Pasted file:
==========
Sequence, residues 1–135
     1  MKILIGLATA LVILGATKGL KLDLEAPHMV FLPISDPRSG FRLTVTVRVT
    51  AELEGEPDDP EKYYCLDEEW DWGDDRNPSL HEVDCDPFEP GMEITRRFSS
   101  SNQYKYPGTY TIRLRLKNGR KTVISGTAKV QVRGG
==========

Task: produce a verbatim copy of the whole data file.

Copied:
Sequence, residues 1–135
     1  MKILIGLATA LVILGATKGL KLDLEAPHMV FLPISDPRSG FRLTVTVRVT
    51  AELEGEPDDP EKYYCLDEEW DWGDDRNPSL HEVDCDPFEP GMEITRRFSS
   101  SNQYKYPGTY TIRLRLKNGR KTVISGTAKV QVRGG